Predictably, there have been suggestions that the entire contents of a complainant’s phone will simply be handed over to defendants, and that they can then be questioned about anything and everything they have ever done. This ignores the rules that exist to make sure that only relevant material is disclosed, and prevent unnecessary and inappropriate questioning in court.
In reality of course, if a police officer is to investigate a criminal offence fairly, the interrogation of phones, computers and other devices may well be necessary. This is despite the potential for intrusion into a person’s privacy.
It is our job as criminal defence lawyers to ensure that the police do their job. This includes following all proper lines of enquiry, and ensuring that all evidence that ought to be disclosed to us is revealed.
Miscarriages of justice
If you look at the significant miscarriage of justice cases over the last 50 years, the most critical failing appears to be a lack of proper disclosure of evidence. In some cases, the evidence is neglected, in others actually destroyed or deliberately suppressed. There have been a number of high-profile cases in recent months where evidence on a complainant’s phone painted a completely different picture to their evidence, and quite rightly resulted in acquittals.
Forensic science providers
The second big story this week was a report from the Lords Science and Technology Committee examining the work of forensic science providers in the criminal justice system. Here are some of the findings:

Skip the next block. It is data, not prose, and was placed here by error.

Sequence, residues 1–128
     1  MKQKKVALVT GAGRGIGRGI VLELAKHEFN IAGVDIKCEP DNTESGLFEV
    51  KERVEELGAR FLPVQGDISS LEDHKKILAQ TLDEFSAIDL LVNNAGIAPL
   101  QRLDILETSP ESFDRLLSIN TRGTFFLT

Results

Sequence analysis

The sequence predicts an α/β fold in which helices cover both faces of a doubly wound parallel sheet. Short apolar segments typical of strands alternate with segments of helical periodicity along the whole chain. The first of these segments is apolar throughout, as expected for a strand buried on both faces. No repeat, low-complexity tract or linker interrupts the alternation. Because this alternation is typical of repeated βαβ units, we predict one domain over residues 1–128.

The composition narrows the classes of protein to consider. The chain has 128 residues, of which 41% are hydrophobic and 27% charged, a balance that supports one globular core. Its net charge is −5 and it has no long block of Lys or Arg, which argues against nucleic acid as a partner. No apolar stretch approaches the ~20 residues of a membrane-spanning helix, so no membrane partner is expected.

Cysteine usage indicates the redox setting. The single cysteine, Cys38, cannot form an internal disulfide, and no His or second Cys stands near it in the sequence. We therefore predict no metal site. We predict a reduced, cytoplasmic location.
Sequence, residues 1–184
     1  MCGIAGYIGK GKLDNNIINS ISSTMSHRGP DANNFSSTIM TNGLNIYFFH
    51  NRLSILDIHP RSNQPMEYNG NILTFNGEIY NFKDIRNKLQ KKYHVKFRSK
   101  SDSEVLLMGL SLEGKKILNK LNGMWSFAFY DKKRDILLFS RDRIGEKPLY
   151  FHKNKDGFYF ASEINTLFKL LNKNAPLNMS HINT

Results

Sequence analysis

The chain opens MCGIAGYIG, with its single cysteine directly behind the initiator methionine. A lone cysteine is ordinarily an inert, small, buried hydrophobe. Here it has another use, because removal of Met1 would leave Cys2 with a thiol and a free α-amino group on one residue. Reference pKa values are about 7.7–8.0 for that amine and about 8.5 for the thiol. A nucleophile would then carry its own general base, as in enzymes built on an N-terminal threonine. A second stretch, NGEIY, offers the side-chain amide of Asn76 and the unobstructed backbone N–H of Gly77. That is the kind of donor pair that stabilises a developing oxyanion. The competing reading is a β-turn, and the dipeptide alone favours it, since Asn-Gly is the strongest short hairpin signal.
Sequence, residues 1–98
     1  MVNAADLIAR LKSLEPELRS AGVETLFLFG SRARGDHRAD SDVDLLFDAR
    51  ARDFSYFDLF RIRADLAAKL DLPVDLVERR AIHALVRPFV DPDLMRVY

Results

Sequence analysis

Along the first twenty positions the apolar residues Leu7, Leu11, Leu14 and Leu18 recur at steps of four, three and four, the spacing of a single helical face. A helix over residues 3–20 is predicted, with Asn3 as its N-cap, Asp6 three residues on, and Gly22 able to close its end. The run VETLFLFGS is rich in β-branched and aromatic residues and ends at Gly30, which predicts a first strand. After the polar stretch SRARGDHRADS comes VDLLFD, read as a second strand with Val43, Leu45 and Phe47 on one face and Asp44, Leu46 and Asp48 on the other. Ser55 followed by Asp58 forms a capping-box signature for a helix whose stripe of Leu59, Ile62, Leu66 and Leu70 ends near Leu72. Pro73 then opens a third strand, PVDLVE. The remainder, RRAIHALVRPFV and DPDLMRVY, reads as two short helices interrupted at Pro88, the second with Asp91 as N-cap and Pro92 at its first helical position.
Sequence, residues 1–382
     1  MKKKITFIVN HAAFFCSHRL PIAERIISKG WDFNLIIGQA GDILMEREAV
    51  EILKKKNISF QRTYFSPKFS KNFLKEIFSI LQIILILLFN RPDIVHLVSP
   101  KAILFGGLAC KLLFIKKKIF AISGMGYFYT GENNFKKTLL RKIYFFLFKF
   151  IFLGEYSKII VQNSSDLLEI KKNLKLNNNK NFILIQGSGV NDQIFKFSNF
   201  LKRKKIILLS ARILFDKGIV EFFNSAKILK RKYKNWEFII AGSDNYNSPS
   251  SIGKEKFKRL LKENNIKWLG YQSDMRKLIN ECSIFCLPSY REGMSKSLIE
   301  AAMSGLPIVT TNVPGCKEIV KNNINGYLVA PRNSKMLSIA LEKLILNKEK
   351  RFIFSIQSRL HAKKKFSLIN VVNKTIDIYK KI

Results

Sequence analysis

“The instability of the forensic science market is a serious risk to the criminal justice system.”
“A free society is dependent on the rule of law which in turn relies on equality of access to justice. The evidence we received points to failings in the use of forensic science in the criminal justice system and these can be attributed to an absence of high-level leadership, a lack of funding and an insufficient level of research and development. Throughout this inquiry, we heard about the decline in forensic science in England and Wales, especially since the abolition of the Forensic Science Service.”
“Cuts to legal aid have affected the ability of defendants to access forensic expertise. We recommend that the Legal Aid Agency liaise with the market-regulation arm within the expanded role of the Forensic Science Regulator to set new pricing schemes, properly funded by the Ministry of Justice, for forensic testing and expert advice for defendants.”
Regrettably, none of these findings causes us the least bit of surprise. We are acutely aware of the deficiencies in the current system. As defence lawyers, we work proactively to ensure that all work is carried out swiftly and to the required standard. Only by being fully aware of the weaknesses in the system can we ensure that our clients’ cases are appropriately presented.
How we can assist
If you need specialist advice, then get in touch with John Howey on 020 7388 1658 or email firstname.lastname@example.org and let us help. We have the necessary skills and experience to assist you in respect to any criminal investigation or prosecution.Read More